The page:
But the Reader's Ben Joravsky has surveyed the rest of the godawful field and found a reformer: Andrea Raila, a former aide to Pat Quinn when he was on the property tax review board in the 1980s. Raila now runs a tax-appeal consulting business.
"The woman's a true tax geek," Joravsky writes.
In a better world that would matter. Cook County is not that world.
Berrios is chairman of the Cook County Democratic Party, aka The Machine (Legacy Division). He's already on the county's board of (property tax) review, and is obviously the party's slated candidate.
He's also a big-time lobbyist, having most recently spearheaded the drive to legalize video poker in the state. His clients also include Comcast, so, yes, he's evil.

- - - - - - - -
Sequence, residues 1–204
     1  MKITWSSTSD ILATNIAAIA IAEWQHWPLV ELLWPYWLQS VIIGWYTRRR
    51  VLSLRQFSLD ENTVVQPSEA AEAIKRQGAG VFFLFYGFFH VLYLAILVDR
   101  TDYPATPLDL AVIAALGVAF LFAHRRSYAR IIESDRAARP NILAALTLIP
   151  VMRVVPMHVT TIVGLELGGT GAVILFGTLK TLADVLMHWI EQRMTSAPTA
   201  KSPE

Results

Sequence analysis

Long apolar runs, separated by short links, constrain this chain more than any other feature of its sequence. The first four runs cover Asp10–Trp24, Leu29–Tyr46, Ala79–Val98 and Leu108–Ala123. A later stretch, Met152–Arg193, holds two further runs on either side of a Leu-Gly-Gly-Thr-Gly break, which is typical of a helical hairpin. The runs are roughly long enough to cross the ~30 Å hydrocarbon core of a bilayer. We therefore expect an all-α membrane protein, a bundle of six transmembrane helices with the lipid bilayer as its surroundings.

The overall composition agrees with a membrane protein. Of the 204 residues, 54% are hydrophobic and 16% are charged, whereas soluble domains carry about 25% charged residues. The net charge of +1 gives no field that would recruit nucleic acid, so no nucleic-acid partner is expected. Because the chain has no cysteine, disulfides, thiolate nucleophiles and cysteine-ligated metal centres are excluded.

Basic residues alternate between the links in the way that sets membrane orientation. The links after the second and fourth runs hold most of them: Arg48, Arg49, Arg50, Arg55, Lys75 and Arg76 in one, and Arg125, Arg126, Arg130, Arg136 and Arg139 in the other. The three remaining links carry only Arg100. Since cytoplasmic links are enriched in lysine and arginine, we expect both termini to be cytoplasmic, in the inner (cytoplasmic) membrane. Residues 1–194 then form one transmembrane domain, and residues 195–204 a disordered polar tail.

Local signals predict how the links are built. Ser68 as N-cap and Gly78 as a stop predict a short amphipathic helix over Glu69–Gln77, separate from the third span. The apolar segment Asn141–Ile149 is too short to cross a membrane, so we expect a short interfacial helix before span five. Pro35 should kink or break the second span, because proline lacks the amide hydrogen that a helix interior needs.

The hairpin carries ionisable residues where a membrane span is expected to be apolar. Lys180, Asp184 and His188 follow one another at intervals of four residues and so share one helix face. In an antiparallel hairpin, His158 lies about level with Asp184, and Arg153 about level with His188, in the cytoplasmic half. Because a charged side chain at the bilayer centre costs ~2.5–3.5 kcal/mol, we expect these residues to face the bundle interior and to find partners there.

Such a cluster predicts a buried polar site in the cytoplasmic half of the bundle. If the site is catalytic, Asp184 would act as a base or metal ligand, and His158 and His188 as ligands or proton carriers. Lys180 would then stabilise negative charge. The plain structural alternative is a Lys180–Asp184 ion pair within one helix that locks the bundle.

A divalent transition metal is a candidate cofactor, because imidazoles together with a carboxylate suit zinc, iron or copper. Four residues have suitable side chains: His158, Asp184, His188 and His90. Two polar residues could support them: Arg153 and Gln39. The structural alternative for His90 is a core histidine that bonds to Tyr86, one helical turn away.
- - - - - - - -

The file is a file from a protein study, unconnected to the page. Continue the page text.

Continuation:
There are a few other candidates too, but as Joravsky recounts, they are mostly there for convoluted political reasons.
So Raila's the one. Her business website even includes an endorsement from Studs Terkel, suggesting she become the "US Minister of Taxes." (That website is taxestoohigh.com; the quote also appears on her campaign website.)
Raila's platform includes two political provisions that a candidate like Berrios will never consider: Trying to make the job an appointed position instead of an elected one; and as long as it is an elected position, limiting campaign contributions by tax appeal lawyers and consultants to the assessor.
Because you shouldn't take money from folks whose job is to try to win favorable decisions from you.
That makes eminent sense, and it's why she probably hasn't got a chance.